Great new video from our friend Seán Eckmann at Mythos & Logos, with deep symbolic wisdom. From a McGilchrist perspective; the fighting with the Great Spirit that gives insight might be an internal struggle of the hemispheres, the LH (left hemisphere) refusing new perspectives and strongly defending its current model, the RH (right hemisphere) potentially giving deep new gifts of understanding and broader horizons. But the gift cannot easily be pushed or hunted, it often has to be received, when the time is right.
Similar ideas might also be found in the story of Jacob wrestling with an Angel, or how the Divine Grace is being received on its own premises, not when we ourselves decide. Which brings to mind the opening scene of Dante, when Virgin Mary has seen the Pilgrim from above in the Heavens, and decides to intervene. The same perspective of the internal dynamic of the hemispheres could apply to all of these aspects.
What a read. At times a breath-taking experience as the “Age of Utopia” outlines the consequences of the argument that a humanist secular idea of Utopia gradually replaced an inner search for Paradise and a connection to something beyond us, something Divine. The first half of the 19 hundreds is hard to look at in this context. Also as a fulfilling of the widespread warnings from writers and philosophers in the 18 hundreds.
A strongly recommended book, though it might be important to start with the first volume “The Age of Paradise” to get a deeper sense of the first millennium, and what was later lost after the Great Schism and the Papal Reforms in Western Christendom.
As an aside, it’s also interesting to see how well this aligns with the ideas of McGilchrist and how the culture of Europe gradually started to be more unbalanced and left hemisphere oriented after the Renaissance. It gives pause.
After the Pilgrim has lost his sense of time while being absorbed in a conversation, he and Virgil have the tiny opening in the mountain rock wall pointed out them – symbolic of how hard it could be to find that glimmer of an idea or insight, that starts a bigger process of learning that might greatly enrich you and your future path.
at some point along the way, those souls cried out in one voice: “Here is what you seek.”
A peasant, at the time the grapes grow ripe, with one small forkful of his thorns could seal an opening within his hedge more wide
than was the gap through which my guide and I were forced to climb, the two of us alone, once we had parted company with that flock.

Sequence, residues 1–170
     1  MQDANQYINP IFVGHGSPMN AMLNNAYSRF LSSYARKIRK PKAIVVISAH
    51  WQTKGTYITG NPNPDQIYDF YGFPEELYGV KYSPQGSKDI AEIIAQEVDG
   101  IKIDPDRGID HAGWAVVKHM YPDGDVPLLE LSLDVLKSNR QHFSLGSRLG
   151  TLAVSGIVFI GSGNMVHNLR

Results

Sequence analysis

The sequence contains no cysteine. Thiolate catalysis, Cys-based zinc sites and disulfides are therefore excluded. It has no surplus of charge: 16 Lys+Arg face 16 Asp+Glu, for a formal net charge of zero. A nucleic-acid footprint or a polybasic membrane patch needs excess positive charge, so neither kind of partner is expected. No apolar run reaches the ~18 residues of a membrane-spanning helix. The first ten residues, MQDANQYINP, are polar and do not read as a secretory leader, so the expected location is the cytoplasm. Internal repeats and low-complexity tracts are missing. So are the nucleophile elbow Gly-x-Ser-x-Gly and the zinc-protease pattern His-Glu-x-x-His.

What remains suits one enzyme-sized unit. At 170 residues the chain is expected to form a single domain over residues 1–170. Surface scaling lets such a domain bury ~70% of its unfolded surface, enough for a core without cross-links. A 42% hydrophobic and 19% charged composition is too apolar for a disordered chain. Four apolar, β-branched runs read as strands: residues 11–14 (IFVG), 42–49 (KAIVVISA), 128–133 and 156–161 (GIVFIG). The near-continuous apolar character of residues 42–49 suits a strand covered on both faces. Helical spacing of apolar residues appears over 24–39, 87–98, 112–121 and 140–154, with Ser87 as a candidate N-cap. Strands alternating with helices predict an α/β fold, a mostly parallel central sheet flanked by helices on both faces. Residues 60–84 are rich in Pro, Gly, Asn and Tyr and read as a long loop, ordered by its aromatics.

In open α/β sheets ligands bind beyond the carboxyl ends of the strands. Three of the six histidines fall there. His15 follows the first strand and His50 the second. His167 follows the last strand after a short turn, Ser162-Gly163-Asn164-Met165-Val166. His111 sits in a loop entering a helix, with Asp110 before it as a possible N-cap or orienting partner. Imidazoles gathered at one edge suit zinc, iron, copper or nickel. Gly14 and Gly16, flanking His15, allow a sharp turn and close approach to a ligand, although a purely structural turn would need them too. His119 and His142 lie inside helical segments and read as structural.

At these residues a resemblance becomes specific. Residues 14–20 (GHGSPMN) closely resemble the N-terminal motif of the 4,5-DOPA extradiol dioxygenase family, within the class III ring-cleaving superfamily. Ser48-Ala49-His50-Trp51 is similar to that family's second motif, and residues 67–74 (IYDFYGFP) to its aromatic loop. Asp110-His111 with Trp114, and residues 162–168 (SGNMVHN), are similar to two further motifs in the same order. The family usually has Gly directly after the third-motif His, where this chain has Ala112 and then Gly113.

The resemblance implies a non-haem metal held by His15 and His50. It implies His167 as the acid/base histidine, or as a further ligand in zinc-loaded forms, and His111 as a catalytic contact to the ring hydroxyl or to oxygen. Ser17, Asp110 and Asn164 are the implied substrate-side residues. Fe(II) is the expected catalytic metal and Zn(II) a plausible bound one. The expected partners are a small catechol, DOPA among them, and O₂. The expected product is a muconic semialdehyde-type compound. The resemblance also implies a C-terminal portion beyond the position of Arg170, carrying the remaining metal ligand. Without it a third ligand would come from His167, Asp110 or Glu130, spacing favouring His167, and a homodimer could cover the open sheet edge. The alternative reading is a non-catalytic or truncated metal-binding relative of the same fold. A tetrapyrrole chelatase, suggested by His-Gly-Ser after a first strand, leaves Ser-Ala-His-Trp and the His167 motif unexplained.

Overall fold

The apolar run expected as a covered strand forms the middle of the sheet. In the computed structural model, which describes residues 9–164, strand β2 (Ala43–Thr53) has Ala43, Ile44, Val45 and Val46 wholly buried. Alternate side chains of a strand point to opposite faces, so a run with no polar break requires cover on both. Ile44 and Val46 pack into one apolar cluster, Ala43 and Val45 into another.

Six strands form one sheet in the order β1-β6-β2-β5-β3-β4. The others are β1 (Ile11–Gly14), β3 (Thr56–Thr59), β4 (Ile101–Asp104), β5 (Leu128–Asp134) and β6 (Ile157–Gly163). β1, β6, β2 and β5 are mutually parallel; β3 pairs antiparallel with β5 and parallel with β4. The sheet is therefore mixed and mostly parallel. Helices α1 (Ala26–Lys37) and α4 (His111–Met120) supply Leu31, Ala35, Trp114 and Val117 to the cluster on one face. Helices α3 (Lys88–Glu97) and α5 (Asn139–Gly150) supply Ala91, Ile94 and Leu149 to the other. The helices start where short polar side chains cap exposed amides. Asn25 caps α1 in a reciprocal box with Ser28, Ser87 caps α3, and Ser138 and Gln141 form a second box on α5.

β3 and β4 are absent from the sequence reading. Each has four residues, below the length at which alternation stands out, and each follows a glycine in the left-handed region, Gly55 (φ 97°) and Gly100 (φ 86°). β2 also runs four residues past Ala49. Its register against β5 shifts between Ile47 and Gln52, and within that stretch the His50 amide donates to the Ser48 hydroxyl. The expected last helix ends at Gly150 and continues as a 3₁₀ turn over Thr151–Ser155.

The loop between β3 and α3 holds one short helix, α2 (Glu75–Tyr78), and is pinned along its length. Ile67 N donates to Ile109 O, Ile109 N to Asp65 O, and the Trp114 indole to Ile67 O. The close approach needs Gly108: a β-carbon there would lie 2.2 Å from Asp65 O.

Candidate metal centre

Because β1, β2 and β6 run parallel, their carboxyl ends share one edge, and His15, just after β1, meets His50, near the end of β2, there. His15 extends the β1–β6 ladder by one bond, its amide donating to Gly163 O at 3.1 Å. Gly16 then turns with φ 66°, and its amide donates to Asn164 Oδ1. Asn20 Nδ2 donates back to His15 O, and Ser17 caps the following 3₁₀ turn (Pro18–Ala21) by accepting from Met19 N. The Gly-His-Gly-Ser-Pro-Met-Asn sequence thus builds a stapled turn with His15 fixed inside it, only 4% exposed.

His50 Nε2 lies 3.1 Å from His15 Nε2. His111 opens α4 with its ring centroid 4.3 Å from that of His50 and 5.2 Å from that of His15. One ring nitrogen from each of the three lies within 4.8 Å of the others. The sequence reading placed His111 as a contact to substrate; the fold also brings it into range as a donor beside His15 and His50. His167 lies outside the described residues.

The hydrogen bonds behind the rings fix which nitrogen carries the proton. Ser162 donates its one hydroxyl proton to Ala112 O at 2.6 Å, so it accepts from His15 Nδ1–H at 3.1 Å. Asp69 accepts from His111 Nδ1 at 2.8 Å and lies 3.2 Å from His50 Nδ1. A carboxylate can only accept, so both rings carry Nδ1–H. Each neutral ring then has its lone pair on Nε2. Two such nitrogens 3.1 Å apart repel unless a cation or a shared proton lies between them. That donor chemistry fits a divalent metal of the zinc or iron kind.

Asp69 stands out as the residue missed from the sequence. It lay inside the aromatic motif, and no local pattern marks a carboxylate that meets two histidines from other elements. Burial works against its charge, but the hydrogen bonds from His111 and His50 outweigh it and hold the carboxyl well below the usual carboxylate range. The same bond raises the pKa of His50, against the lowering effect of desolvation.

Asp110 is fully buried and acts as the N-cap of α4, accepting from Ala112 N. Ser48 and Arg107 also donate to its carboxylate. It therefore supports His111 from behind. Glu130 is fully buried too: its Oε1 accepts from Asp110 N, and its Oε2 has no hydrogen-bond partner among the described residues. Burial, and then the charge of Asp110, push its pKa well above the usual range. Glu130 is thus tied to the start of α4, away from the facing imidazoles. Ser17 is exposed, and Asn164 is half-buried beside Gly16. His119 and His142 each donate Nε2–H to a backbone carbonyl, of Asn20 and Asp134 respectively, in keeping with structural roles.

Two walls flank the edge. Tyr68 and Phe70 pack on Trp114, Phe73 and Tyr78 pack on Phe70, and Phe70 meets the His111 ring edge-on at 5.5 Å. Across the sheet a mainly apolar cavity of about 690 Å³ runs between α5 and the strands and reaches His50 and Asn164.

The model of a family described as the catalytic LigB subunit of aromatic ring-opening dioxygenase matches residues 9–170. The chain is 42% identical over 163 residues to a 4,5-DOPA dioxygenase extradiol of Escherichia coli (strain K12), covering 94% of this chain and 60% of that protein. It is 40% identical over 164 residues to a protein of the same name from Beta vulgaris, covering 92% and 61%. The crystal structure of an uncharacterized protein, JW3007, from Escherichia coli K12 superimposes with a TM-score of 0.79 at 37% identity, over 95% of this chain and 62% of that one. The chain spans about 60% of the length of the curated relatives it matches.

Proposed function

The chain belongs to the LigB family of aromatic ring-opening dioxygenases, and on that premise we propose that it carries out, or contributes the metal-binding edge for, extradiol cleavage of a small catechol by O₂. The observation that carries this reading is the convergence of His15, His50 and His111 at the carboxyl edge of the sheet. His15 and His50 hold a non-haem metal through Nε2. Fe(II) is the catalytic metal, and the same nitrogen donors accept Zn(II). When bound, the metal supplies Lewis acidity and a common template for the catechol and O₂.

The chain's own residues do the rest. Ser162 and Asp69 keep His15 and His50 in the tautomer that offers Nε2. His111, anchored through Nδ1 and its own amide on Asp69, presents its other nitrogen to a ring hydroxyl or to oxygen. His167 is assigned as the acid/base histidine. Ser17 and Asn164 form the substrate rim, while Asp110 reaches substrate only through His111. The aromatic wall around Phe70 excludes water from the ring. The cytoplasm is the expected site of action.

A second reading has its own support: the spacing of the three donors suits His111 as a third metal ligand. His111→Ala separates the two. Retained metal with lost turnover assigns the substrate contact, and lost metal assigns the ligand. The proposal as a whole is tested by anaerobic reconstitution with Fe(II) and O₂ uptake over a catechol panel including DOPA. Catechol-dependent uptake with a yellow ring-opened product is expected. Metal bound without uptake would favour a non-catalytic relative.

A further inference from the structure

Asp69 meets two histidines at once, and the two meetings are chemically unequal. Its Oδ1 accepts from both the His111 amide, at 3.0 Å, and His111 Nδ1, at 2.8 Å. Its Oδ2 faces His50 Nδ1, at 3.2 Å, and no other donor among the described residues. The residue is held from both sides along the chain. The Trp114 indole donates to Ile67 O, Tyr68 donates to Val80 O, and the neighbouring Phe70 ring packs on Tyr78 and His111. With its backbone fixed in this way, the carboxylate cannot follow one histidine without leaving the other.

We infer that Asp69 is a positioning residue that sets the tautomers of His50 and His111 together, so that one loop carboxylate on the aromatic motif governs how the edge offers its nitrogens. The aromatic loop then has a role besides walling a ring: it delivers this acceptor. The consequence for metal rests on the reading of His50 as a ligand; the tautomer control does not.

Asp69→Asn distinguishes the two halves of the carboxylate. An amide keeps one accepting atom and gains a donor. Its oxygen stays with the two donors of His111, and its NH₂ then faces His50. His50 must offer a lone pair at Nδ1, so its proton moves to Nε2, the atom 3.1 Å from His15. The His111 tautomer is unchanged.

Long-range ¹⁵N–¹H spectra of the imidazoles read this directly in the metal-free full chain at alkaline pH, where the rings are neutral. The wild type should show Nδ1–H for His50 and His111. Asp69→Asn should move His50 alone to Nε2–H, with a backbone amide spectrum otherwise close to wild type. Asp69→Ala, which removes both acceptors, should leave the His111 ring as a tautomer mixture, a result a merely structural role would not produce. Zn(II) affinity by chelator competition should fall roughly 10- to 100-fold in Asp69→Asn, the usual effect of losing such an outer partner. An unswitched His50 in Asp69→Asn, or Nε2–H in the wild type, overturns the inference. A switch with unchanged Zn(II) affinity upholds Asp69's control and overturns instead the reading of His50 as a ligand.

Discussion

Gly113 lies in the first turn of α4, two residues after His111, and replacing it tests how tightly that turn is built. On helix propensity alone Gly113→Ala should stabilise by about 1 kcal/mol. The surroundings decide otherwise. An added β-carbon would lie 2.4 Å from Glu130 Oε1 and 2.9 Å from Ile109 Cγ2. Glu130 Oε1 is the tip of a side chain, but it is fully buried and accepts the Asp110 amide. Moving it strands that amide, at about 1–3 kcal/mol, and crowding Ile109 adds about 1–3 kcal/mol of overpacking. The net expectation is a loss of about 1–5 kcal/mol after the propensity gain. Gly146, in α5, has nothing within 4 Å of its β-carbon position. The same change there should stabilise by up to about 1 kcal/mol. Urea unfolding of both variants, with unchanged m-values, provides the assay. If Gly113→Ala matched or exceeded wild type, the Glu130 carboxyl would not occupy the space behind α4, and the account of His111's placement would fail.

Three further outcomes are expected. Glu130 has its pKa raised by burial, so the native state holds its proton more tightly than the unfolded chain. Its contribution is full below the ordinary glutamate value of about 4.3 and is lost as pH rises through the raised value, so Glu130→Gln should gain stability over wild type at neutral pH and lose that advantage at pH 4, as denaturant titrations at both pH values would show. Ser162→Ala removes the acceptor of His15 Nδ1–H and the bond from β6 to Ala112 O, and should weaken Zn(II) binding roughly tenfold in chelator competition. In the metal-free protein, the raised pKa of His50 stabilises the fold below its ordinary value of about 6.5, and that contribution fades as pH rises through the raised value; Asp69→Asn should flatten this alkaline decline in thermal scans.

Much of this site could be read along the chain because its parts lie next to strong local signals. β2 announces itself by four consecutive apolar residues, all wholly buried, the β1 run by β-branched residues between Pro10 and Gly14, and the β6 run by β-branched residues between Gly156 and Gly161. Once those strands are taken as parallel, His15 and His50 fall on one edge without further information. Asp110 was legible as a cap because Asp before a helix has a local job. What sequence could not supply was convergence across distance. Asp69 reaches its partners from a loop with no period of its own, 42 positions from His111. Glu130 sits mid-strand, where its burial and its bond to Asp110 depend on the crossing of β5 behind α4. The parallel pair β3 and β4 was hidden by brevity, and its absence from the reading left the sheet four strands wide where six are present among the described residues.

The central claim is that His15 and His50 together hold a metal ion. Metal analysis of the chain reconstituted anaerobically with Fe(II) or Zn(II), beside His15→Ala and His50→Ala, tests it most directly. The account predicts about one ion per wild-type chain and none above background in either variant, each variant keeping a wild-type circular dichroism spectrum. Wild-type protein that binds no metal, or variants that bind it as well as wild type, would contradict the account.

We’re currently reading through the third volume of John Strickland’s history epic “From Paradise to Utopia“, outlining a somewhat different perspective on the changes and forces shaping the centuries from the Italian Humanism towards the early 19 hundreds in Europe.
A central idea is that once the experience of a spiritual, inner Paradise had been dismissed, new dreams gradually replaced this longing – among these a dream of a future, secular and perfect earthly society. And thus came the elevation of broader ideologies that would kindle these dreams as an aspiration to work towards, but often with disruptive and counter-productive means.
And just as a contrast one might look at other major cultures today that are looking back at the past as the ideal and aspiration to draw from instead. And this basic orientation could often influence a culture at a very deep level.
Excellent summary of some of the basics of the theology that underlies so much of St. Thomas Aquinas’ work – and in many ways the over-arching idea and representation of Divinity in Dante’s Divine Comedy. A crucial introduction for understanding the vocabulary of much of the writings from the 12- and 13-hundreds:
Happy to see Mark Vernon launching a new course based on his previous book – which outlines a broader canvas of history and theology in the old Tradition. The argument for reviving the mystics might also be largely congruent with McGilchrist’s latest masterpiece “The Matter with Things”, as a means of searching for ways to re-balance the hemispheres and elevate the right hemisphere’s approach to apprehending the world, and what lies beyond.